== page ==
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Provide comparison between PyO3 and rust-cpython #55

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ssokolow opened this Issue Jul 23, 2017 · 9 comments

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@ssokolow

ssokolow commented Jul 23, 2017

When I come to the PyO3 frontpage, having never seen PyO3 before, my first questions are "how is this different from rust-cpython?" and "Why would I want to use this instead?"

So far, all I've been able to determine is:

  1. Judging by #5 and my experience using rust-cpython on stable, this adds a dependency on nightly Rust.
  2. This uses attributes rather than macros
  3. I don't remember the list of ToPyObject impls being this long in rust-cpython.

It'd be a good idea to add a blurb to the README explaining:

  1. What motivated the fork (ie. how PyO3's goals differ from rust-cpython's)
  2. What PyO3 does better
  3. What PyO3 does worse (ie. successfully compiling on stable)
@fafhrd91

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fafhrd91 commented Jul 23, 2017

at this point, base concepts, compared to rust-cpython, are totally different.

  1. All objects are owned by pyo3 library and all apis available with references. in rust-cpython, you own
    python objects. here is example of PyList api:

rust-cpython:

impl PyList {

   fn new(py: Python) -> PyList {...}

   fn get_item(&self, py: Python, index: isize) -> PyObject {...}
}

pyo3:

impl PyList {

   fn new(py: Python) -> &PyList {...}

   fn get_item(&self, index: isize) -> &PyObject {...}
}

Because pyo3 allows only references to python object, all refs uses Gil lifetime. So Python object
is not required, and it is safe to have fn py<'p>(&'p self) -> Python<'p> {} function.

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fafhrd91 commented Jul 23, 2017

rust-cpython custom class

  1. rust-cpython uses whole new language based on macros
  2. it is very hard to extend py_class! macros, for example async/await support.
  3. generated functions are used for access to struct attributes.
  4. To drop PyObject GIL is required.

pyo3 custom class

  1. use proc_macro and specialization for class implementation (nightly is required)
  2. pyo3 does not modify rust struct. it is possible to define needed traits and make rust type compatible with python class without using #[py::class] macro.
  3. class customization is based on specialization and traits and associated types. separate trait is defined for each type
    of customization (i.e. PyMappingProtocol, PyNumberProtocol). macro is used for simplicity, but it is possible to make rust type compatible with specific customization without using proc macros.
  4. pyo3 does not inc ref for borrowed ptrs, PyObject does not need GIL to drop.
  5. pyo3 at least 15% faster.
@fafhrd91

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fafhrd91 commented Jul 23, 2017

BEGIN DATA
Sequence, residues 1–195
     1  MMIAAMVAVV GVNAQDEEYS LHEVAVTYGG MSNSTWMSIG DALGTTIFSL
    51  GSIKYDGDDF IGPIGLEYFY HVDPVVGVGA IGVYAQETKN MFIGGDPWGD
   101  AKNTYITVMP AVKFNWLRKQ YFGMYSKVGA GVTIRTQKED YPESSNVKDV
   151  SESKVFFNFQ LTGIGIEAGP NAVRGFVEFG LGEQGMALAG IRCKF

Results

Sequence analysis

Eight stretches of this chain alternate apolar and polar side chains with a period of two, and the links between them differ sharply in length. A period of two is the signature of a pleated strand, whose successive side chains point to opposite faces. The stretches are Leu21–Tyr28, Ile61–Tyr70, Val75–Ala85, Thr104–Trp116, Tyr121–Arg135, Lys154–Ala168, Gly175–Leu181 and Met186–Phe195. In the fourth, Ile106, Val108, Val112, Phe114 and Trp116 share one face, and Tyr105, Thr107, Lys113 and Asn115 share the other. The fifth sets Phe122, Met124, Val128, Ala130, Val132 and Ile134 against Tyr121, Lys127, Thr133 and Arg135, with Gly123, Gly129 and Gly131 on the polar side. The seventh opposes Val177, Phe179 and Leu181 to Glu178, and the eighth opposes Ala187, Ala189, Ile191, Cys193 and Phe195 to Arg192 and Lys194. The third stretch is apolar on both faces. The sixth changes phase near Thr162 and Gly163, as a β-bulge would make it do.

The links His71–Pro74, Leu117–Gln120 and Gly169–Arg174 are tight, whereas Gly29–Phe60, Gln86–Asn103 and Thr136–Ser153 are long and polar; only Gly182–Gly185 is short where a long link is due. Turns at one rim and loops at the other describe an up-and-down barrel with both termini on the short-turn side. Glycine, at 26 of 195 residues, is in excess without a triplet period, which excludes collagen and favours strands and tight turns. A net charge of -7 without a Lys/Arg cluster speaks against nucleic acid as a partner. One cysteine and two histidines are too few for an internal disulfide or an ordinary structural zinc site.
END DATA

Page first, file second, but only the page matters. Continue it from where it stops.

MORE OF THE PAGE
motivation

  1. seems rust-cpython is not maintained anymore. I tried to communicate with author, didn't get any response. I submitted multiple PR, none of them had any reaction.
  2. I don't like class implementation based on macros. first of all, this is new language within rust, second it is very hard to extend and modify.
  3. pyo3 is just rust. proc macros are used for automatically implement extra traits and wrapping code, so it possible to do the same manually.

downsides:

  1. pyo3 depends on nightly rust (proc_macro, specialization, const_fn).
  2. proc_macro error reporting is bad.
@ssokolow

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ssokolow commented Jul 23, 2017

In that case, definitely something I'll be switching over to once it's possible to resolve #5.

@fafhrd91

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fafhrd91 commented Jul 23, 2017

I used rust-cpython, and had occasional segfaults. never got any response from author.
I use pyo3 in production without this segfault.

@ssokolow

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ssokolow commented Jul 23, 2017

In that case, once I've finished migrating as much of my project to the Rust side as possible, if I encounter segfaults and can't resolve them, maybe I'll drop to something lower-level like Snaek.

...or just port everything back to pure Python. Avoiding dependency on nightly Rust is non-negotiable.

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fafhrd91 commented Jul 24, 2017

I hope proc_macro will be stabilized by the end of year.

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fafhrd91 commented Jul 26, 2017

Just landed pretty big change.

rust-cpython requires Python parameter for PyErr, so error handling ergonomics is pretty bad.
It is not possible to use ? with rust errors.

pyo3 on other hand does not require Python for PyErr creation, it is required only if you want to set exception to python interpreter with PyErr::restore() method. so it is possible to use std::convert::From<Err> for PyErr trait and ? is supported automatically.

for example:

use pyo3::*;

fn parse_int(s: String) -> PyResult<usize> {
    Ok(s.parse::<usize>()?)
}

The code snippet above will raise ValueError in Python if String::parse() return an error.

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fafhrd91 commented Aug 12, 2017

closing, there is link in readme

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